Active Words: A Fantastic Program and a Real Time Saver

I have found a program that will make your life, and your job, twice as easy as it is right now. A bold claim, but I stand behind it.

Active Words is a program I have been using for years now (two? three? something like that) and I am at the point now that if I have to get along without it because I’m on someone else’s computer, it just about kills me. Or at least tortures me to the point where I wish I was dead. Close enough.

AW is a bit hard to explain, but I’ll try. First, physical appearance: It is a bar that sits up at the top of the computer screen–no matter if I’m in Open Office, Firefox, or I’m just looking at the desktop, this bar is always up there (just like the bar at the bottom of the screen that Windows puts in, except this is at the top. Boy I love it when I make extremely obvious statements, don’t you?) Just like the bar Windows puts in, you can hide the bar, but I’ve found that it’s much easier to leave it up there.

That explains the physical presence it takes up on your computer screen, but doesn’t explain anything about the program. Basically, AW is there to make your life easier. There are two tasks that I use it for all the time, although if you were smarter in computers, you can do a whole lot more with it than I have ever managed to do. But the two tasks are huge enough to me, it more than justifies my using it.

The first task is fixing my typing mistakes. With AW, you can put in (very easily) to have a certain set of keystrokes replaced by another set of keystrokes. For example, if I type “quite” as “wuite,” AW automatically fixes “wuite” to read as “quite” and you don’t have to do another thing. My fingers get mixed up a lot and I’m constantly mistyping words, and I have found that I am mistyping the same words over and over again. “I’ve” always ends up “Ive” but AW fixes it, and I don’t even notice that I did it. At first, I’ll admit: It was a pain in the rear to put these items into AW, not because it was hard (an intelligent six year old could do it without any problems) but because it took time, and I’m lazy. The good news is, being not so lazy now allows you to become very lazy later on. No more backspacing and correcting yourself–once you put the correction into AW, it will do it every time for you, no matter where you’re at in your computer. Online in a forum? It will correct your mistakes. Typing up a blog in Open Office? It will correct it there too. Typing a name into the Save As line for your new document? It will make the corrections there also. Literally anywhere that allows you to type, AW will recognize what you’re writing, and fix it.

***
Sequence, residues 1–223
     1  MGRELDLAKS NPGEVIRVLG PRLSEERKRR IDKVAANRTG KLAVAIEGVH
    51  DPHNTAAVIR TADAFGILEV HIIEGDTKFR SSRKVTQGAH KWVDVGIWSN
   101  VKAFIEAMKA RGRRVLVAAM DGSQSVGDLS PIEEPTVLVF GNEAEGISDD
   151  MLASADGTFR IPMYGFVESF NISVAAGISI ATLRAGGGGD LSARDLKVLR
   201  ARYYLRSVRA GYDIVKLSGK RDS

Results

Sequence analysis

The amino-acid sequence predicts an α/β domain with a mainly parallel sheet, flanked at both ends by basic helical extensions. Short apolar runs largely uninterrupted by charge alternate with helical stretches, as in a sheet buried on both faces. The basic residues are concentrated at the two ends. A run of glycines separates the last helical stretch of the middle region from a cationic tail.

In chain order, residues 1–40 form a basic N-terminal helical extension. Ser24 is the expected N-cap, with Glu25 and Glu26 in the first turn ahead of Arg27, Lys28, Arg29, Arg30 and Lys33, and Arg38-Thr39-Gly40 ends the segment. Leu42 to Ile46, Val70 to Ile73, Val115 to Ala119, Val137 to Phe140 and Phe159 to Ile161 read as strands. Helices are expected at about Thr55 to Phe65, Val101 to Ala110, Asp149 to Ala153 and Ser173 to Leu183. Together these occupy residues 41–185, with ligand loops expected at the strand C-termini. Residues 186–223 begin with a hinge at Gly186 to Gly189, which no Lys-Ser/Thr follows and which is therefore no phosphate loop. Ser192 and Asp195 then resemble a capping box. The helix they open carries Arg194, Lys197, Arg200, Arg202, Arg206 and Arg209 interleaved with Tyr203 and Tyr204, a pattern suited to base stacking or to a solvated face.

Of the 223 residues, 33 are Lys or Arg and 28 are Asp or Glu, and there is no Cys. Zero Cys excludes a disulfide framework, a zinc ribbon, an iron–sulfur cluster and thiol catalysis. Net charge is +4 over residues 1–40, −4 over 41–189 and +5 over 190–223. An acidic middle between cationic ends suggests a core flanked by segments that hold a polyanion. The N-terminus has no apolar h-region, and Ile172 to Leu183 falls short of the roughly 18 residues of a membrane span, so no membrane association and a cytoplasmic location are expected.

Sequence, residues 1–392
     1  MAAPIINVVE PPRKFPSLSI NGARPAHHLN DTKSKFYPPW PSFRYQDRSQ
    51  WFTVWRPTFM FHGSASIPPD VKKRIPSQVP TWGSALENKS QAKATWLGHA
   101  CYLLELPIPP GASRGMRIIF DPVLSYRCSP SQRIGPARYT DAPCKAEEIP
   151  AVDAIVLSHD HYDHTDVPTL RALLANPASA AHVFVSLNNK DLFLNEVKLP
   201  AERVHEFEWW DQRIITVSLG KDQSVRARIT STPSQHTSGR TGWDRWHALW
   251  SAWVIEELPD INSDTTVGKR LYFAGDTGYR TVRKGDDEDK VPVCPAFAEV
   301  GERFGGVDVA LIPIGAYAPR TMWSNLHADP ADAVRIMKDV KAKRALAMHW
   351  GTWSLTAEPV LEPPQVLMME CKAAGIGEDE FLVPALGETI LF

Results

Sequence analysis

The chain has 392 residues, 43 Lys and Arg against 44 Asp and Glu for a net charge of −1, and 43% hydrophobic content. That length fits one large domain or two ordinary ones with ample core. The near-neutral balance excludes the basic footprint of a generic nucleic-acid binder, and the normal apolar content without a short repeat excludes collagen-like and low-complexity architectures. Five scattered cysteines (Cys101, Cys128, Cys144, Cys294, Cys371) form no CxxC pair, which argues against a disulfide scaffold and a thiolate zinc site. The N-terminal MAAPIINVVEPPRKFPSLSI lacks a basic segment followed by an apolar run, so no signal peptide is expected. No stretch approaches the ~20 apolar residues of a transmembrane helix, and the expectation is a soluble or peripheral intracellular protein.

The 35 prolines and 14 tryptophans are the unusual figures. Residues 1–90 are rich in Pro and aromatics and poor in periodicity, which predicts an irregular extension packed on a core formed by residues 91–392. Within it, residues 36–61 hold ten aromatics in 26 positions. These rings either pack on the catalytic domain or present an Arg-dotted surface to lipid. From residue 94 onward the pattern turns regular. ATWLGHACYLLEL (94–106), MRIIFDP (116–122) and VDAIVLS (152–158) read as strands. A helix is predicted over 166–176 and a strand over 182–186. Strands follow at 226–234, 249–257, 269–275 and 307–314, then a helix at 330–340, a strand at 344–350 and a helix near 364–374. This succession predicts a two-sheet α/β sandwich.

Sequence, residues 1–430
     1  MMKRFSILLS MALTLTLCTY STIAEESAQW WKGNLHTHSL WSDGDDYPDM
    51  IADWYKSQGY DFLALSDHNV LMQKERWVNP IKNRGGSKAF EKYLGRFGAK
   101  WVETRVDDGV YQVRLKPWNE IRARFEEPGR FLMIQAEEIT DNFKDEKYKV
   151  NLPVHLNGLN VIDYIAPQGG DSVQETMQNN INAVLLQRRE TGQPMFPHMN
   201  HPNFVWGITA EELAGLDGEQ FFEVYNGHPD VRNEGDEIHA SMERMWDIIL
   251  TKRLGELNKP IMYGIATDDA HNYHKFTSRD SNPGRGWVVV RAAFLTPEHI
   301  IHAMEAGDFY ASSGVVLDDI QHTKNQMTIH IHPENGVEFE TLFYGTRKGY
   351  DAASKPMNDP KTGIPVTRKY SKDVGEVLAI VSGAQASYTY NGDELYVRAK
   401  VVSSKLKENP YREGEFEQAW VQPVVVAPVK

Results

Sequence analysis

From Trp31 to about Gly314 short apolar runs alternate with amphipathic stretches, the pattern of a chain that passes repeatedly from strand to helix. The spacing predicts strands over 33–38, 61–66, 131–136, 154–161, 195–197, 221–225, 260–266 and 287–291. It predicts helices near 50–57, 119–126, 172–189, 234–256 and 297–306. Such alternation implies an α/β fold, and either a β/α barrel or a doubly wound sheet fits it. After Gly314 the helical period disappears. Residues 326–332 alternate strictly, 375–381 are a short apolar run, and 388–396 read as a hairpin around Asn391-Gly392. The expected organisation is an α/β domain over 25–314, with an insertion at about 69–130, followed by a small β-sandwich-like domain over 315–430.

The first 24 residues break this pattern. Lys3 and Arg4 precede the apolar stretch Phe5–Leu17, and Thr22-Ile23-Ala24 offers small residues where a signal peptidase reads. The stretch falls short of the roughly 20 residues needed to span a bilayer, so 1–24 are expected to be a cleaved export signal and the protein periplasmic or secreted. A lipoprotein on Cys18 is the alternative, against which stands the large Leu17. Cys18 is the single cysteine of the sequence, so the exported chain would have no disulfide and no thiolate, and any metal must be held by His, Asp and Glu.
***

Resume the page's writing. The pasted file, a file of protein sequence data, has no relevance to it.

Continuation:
I have entered thousands of corrections into AW over the last several years, and by now, my collection of corrections is so large, I find I don’t have to put nearly as many in now as I used to. Most of my “problem children” are already in there. There are limitations: If you enter in “begginning” to correct to “beginning,” and then you type “begining” it will not correct it. You have to put in every variation. If AW was set up otherwise, the program could correct something that you don’t want it to, and things could get messy. If you find that there are words that you just cannot ever remember how to spell (I have always wanted to spell “tomorrow” with two m’s, not matter how many times I remind myself that it only has one) then this is the perfect word to enter into AW.

Corrections is just the tip of the iceberg. In my next blog, I want to talk about the difference between auto corrections and manual corrections.